The past week once again underscored for me the connectedness of earthly phenomena -- including, most decidedly, what's happening in the news business.
Comments made in Washington -- or Bedminster, N.J. -- reverberated in Panmunjom. An ugly and disconcerting clash in Charlottesville produced global bulletins, with good cause.
So excuse me if this post strays from my assigned GetReligion role, which is to focus on analysis of international stories and trends, and instead zig-zags between the foreign and the domestic.
Call it connecting the dots -- in a very personal way.
The week saw a plethora of screaming headlines (and shouting cable talking heads) going on about the threat of nuclear war with North Korea and -- incredibly -- the threat of U.S. military intervention in hapless Venezuela. And then, at week’s end, came Charlottesville, the consequences of which will surely keep the news media engaged for some time, or at least until the next all-engulfing story comes along.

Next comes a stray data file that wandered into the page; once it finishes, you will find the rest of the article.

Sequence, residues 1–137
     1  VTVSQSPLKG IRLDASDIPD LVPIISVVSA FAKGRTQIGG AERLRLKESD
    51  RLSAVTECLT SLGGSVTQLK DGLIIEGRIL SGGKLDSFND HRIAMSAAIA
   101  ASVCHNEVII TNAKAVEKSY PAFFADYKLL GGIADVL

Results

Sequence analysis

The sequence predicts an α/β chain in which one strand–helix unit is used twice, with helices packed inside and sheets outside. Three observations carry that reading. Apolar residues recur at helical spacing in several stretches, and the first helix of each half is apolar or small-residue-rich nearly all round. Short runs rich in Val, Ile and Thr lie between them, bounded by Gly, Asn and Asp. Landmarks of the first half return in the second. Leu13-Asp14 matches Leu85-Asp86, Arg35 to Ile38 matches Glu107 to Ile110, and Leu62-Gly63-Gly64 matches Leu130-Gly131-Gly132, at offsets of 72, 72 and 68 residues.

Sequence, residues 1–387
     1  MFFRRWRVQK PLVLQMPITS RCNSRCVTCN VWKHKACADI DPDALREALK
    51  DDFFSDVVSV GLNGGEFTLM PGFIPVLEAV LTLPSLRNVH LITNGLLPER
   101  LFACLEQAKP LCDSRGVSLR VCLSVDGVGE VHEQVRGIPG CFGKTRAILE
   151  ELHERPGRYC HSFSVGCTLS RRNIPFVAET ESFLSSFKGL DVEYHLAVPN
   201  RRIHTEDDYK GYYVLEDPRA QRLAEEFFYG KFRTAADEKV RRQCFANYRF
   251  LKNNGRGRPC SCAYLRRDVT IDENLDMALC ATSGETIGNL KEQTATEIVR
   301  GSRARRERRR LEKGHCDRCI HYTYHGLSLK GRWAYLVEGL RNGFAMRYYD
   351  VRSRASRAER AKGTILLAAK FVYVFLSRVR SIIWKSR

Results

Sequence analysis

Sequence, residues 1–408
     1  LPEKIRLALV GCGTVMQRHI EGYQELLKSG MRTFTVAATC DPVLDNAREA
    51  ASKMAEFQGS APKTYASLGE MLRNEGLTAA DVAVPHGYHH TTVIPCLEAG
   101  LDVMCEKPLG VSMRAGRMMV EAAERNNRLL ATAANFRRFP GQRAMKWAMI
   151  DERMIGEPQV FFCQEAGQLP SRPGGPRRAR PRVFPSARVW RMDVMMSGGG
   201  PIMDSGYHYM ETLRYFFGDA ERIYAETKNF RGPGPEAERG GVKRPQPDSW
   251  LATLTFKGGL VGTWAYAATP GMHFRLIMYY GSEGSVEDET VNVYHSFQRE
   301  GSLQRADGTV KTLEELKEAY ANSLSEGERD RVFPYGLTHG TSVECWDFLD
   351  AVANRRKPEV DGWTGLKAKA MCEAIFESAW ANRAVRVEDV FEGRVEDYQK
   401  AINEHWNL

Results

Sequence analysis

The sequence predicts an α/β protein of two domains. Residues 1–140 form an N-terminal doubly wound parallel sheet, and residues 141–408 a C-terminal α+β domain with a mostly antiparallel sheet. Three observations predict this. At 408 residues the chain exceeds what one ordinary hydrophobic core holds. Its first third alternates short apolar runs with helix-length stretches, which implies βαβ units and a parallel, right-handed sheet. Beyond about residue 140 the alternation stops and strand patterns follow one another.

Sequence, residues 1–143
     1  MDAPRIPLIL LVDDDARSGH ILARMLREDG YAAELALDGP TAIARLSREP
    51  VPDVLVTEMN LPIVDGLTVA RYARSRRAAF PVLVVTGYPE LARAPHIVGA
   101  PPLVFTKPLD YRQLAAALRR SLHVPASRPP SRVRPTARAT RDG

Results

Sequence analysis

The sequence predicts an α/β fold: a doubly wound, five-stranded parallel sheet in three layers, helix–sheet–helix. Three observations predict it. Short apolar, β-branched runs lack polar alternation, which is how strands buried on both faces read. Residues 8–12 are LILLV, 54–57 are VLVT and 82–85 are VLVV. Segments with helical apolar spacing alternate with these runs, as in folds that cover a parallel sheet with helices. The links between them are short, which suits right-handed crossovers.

President Donald Trump finally got specific Monday about the underlying cause of Saturday’s clash between an assortment of alt-right white supremacists and their fellow travelers, and a large number of counter demonstrators, one of whom was killed when a man identified as a white supremacist and new-Nazi sympathizer is alleged to have driven his car into the crowd of counter demonstrators.
North Korea surely has potential consequences that are far greater formore people in Asia and elsewhere than do Venezuela (a non-story born out of another thoughtless remark by our commander in chief) and Charlottesville.
But I'm going with Charlottesville here, because, as I was told in Journalism 101, all news is local and personal. And I happen to be an American and a Jew and what I learned a half-century ago in journalism school remains true.